If you're a Pinterest addict like myself, you can even check out what has piqued the interest of other craft-minded people (you can check out some excellent reuse, rehab, and refurbish arts & crafts inspirations that I have found by following me on Pinterest- http://pinterest.com/gestaltcasey). If you're not on Pinterest, you should definitely check it out. Think of it as an unlimited virtual cork board where you can "pin" things of interest from anywhere on the web, categorize it, and visit it later. It's FREE (love that word) and comes with a bookmark bar app so anytime you're web-surfing and see something you like (a snazzy outfit, a DIY project to keep in mind, beautiful architecture, a tasty recipe, or anything else) you can click "Pin It" from your bookmark bar and send it to your "boards" for later. I've seen people use it for wedding or party planning, as a recipe book, and more. It quickly has become my go-to for inspiration when I've got that unspecified, squirrley, "I wanna MAKE something" feeling! Plus it syncs with the ubiquitous Facebook (if you want it to) so you can pin and share at once.

STRESS FREE(ish) Kid Crafting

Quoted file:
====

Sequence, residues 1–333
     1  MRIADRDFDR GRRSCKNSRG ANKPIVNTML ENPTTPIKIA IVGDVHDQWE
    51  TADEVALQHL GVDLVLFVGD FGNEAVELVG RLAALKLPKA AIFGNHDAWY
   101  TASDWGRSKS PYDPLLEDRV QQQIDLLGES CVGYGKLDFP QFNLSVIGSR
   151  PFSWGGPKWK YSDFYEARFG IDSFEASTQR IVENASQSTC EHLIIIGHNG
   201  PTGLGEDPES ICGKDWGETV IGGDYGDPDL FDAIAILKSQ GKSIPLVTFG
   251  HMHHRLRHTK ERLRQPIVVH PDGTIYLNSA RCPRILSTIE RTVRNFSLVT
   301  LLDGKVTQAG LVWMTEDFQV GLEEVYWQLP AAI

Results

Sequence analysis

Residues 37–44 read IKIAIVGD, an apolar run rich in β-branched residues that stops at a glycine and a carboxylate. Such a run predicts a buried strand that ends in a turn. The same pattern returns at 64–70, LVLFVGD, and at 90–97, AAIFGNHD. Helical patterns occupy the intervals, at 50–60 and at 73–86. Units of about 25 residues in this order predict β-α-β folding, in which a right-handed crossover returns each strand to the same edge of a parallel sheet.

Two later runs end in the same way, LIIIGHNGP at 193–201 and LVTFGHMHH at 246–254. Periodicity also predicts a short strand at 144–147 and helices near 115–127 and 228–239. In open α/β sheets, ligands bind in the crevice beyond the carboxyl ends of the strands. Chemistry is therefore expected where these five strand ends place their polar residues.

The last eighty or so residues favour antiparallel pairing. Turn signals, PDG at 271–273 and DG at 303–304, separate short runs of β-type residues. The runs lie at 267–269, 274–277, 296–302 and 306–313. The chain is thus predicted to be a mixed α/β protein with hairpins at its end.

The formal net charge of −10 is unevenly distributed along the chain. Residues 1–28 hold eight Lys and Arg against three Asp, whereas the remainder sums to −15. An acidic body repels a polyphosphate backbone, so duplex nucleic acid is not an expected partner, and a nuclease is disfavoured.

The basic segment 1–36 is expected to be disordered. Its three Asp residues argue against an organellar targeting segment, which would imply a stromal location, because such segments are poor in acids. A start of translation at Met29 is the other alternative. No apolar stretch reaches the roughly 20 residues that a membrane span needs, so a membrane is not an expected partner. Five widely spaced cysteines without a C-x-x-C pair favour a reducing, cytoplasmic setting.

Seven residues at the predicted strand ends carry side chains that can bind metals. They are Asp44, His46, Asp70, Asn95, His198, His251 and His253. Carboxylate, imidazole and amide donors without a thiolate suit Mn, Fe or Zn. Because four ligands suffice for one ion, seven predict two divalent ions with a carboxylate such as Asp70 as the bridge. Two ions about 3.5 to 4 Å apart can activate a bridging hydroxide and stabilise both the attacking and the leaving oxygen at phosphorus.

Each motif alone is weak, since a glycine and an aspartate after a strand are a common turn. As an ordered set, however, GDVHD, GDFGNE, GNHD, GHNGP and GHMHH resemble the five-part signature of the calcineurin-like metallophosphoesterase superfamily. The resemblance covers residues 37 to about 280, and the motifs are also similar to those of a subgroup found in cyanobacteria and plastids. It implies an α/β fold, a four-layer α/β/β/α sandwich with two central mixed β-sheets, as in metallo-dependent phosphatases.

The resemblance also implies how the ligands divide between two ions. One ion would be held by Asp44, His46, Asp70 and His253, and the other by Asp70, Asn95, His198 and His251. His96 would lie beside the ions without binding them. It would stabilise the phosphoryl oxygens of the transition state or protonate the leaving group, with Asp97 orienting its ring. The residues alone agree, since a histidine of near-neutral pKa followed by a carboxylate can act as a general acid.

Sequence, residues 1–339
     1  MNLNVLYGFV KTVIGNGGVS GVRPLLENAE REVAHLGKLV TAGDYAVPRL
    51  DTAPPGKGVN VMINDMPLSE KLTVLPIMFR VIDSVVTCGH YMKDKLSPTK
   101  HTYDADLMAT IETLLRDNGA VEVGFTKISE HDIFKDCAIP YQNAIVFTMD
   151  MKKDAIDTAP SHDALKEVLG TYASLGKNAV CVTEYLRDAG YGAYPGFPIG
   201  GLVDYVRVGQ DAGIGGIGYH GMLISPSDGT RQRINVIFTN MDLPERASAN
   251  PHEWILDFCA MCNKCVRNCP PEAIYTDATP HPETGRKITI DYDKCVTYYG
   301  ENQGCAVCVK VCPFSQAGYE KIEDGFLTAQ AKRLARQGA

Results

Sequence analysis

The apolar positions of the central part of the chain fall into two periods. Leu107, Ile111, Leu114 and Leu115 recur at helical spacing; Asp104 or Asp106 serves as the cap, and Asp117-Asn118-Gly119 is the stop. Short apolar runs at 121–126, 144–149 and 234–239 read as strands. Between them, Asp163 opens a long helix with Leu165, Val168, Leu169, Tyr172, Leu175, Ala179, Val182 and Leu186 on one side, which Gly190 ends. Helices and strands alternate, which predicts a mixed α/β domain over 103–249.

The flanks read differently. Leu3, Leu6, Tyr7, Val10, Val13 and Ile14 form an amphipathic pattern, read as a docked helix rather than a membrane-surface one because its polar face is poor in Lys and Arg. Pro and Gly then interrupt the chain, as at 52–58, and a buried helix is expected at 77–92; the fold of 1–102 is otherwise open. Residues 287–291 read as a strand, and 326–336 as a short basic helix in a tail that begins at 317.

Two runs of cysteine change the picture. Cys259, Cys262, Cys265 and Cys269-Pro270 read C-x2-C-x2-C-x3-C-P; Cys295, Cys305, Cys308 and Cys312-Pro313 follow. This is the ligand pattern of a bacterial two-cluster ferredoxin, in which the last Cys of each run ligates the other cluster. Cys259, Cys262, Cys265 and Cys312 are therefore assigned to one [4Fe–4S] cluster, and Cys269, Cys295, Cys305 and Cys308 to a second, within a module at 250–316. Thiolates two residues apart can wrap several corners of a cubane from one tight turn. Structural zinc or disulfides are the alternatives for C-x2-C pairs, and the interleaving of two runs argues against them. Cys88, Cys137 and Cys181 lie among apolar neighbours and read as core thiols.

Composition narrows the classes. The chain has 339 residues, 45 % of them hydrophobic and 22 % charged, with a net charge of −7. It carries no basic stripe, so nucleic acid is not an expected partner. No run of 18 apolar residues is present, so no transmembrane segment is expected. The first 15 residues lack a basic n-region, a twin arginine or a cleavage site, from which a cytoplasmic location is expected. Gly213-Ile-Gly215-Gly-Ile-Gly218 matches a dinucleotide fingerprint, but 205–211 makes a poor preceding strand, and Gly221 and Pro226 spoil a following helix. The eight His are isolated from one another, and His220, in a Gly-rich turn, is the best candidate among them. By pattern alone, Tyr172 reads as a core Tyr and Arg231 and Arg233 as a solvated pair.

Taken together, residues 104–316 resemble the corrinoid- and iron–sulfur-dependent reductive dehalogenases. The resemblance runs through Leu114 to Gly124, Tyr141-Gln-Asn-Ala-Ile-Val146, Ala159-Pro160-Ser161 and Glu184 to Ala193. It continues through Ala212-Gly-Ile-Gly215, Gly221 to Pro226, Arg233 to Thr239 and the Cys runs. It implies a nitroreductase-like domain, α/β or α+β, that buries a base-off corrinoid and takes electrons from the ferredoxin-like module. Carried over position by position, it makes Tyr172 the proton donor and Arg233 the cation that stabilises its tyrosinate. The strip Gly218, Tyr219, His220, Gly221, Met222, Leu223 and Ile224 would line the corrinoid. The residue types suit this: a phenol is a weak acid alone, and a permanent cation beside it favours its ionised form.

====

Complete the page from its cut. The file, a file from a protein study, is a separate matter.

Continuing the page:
With a 3 year old's manual dexterity skills, having free range of various arts & crafts media can send shivers down even a tree-hugging-cotton-wearing-hippie mom. To prevent myself from feeling the urge to scrutinize every paint brush swoosh or clay squish, I adopted the "paper up the coffee table and let it go" ethos. I have a large roll of plain white paper (like the kind teachers make bulletin boards with, and the paper table cloth covers at restaurants, etc.) and roll out a piece to cover our extra-wide coffee table, tape it down, and let her go to town. I fold it up to re-use if it was only marker mess, but I can wad the whole thing up and toss it if it was defiled by paint blobs or smooshed up clay. The same could be done with old newspaper. When I was growing up, my parents had a basket for old newsprint. If there was a need for it that week, there was plenty, if not, it was put out with the trash. With the advent of the Internet age, we don't read the news on paper. You never know when you might want to spray-paint, use furniture-ruining glue, glitter, or a host of other messy things.